For several years now, it has been an open question in North Carolina whether a justification defense to possession of firearm by felon is available. John Rubin blogged about the issue back in 2016, here. Our courts have assumed without deciding that the defense might apply in several cases but have never squarely held the defense was available, finding instead in each previous case that defendants didn’t meet the admittedly rigorous standards for the defense. This month, the Court of Appeals unanimously decided the issue in favor of the defendant. In State v. Mercer, ___ N.C. App. ___ (August 7, 2018), the court found prejudicial error in the trial judge’s refusal to instruct the jury on justification in a firearm by felon case and granted a new trial. Read on for more details.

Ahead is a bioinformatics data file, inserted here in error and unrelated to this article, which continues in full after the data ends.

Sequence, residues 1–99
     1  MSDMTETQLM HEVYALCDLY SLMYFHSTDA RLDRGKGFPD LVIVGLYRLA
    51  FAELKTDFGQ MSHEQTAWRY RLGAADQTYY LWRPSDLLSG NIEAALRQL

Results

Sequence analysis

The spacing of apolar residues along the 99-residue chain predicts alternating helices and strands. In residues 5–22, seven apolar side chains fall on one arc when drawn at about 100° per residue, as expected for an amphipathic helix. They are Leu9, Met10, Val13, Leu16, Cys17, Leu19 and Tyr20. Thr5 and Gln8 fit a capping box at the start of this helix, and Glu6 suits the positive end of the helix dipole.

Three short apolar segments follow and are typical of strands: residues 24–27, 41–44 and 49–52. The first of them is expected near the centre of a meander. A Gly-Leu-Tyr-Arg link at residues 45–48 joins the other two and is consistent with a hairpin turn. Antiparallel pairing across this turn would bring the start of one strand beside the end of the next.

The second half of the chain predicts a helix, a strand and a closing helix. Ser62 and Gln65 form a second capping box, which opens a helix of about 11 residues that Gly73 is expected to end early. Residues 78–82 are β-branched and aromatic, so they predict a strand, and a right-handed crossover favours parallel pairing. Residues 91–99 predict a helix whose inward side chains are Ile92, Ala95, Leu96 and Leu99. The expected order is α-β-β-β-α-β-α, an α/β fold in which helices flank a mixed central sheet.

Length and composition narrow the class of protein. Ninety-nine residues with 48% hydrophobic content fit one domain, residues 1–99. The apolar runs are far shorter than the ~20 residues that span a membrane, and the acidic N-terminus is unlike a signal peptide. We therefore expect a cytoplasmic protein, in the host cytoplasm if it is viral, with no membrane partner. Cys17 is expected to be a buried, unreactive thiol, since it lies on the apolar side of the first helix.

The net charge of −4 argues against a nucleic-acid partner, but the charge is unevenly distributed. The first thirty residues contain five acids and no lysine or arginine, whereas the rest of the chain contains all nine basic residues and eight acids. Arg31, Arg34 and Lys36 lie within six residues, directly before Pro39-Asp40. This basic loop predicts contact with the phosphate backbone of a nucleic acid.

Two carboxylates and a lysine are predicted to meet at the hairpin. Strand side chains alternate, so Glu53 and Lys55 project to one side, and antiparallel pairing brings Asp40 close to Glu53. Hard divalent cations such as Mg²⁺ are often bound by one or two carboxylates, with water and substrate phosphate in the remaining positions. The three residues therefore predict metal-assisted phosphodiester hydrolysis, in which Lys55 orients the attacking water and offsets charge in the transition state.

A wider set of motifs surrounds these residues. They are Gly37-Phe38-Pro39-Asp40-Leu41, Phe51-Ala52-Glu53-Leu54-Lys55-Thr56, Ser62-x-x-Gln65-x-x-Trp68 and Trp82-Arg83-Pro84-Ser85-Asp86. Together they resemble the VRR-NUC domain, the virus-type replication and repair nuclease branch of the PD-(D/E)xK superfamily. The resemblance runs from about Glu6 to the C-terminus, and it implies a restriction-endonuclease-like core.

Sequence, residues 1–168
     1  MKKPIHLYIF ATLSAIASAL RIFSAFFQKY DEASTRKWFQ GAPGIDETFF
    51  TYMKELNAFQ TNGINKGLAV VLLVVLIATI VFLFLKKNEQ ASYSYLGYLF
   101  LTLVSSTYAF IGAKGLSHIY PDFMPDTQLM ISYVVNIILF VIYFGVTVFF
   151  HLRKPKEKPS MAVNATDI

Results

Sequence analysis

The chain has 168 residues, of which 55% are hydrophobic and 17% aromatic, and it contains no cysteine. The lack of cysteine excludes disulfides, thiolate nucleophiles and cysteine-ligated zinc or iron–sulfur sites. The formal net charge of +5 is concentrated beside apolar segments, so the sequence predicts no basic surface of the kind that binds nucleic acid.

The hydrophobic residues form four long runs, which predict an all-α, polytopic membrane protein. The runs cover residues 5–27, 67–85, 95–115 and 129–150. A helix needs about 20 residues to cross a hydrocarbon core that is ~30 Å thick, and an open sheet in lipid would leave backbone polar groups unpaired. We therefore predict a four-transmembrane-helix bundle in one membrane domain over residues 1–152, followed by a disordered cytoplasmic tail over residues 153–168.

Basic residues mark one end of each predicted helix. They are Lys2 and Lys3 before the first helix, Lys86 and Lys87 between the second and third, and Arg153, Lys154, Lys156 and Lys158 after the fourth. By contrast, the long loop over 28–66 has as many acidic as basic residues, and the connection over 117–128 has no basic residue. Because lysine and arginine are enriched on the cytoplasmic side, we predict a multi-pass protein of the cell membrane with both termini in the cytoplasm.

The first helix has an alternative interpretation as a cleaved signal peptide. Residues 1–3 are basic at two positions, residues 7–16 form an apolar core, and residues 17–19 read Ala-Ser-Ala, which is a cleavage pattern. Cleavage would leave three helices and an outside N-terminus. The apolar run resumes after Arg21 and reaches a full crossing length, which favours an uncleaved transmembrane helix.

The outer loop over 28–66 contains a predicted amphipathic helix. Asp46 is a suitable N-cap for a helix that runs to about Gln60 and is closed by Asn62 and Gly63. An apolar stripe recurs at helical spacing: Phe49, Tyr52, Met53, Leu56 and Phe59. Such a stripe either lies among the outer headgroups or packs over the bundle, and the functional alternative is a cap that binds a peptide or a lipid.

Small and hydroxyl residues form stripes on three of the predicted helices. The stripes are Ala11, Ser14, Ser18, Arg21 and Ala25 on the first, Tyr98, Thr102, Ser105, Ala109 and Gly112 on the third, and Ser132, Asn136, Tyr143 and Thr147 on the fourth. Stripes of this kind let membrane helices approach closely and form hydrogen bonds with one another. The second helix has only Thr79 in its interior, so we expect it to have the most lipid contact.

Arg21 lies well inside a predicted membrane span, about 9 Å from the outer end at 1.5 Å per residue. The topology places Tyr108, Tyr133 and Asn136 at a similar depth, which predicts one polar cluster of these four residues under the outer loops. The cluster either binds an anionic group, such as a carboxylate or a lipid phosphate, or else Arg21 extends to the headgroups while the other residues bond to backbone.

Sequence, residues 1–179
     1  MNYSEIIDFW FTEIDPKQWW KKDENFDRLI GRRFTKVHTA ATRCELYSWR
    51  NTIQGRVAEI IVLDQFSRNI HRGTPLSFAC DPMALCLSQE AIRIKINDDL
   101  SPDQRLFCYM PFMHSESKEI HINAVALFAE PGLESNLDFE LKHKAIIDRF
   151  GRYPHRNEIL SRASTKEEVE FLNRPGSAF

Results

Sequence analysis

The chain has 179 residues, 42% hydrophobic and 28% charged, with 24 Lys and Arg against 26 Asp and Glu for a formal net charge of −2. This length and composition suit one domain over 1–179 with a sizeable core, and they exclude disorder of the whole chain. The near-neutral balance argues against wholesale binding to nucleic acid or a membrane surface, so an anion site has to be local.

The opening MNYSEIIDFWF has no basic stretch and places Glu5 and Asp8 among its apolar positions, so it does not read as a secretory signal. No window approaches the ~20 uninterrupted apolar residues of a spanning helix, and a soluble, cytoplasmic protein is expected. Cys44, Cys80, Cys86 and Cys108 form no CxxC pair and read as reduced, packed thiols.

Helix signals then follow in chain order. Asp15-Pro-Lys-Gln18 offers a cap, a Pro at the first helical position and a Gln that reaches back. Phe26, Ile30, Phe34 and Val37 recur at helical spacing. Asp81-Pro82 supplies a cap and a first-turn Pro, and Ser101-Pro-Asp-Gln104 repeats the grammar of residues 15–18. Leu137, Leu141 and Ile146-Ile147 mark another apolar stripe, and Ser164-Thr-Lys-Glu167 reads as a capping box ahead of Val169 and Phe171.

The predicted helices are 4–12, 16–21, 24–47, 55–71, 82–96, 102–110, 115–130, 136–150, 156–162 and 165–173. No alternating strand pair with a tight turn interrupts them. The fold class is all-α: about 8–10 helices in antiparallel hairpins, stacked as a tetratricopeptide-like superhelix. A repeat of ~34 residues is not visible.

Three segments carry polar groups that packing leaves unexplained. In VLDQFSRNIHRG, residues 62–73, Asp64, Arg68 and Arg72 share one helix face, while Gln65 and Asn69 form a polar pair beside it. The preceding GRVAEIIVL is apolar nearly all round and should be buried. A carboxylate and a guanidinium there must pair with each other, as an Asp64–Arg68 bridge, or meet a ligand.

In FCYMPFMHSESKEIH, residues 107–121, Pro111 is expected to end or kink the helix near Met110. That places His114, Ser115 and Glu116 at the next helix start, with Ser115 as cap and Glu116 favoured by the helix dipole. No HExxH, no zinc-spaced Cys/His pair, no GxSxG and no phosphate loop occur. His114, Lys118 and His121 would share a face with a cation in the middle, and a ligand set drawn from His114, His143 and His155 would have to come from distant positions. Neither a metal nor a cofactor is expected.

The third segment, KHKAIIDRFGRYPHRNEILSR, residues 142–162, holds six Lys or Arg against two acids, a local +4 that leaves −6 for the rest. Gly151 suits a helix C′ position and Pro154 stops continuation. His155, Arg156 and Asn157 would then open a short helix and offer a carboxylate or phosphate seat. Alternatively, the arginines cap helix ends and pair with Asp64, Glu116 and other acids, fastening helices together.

North Carolina law prohibits a person who has been convicted of a felony from possessing a firearm. The prohibition, set forth in G.S. 14-415.1, contains narrow exceptions, such as for antique firearms. The question has arisen in several cases whether a person with a prior felony conviction may possess a firearm if necessary to defend himself or others—in other words, whether the person may rely on a justification defense.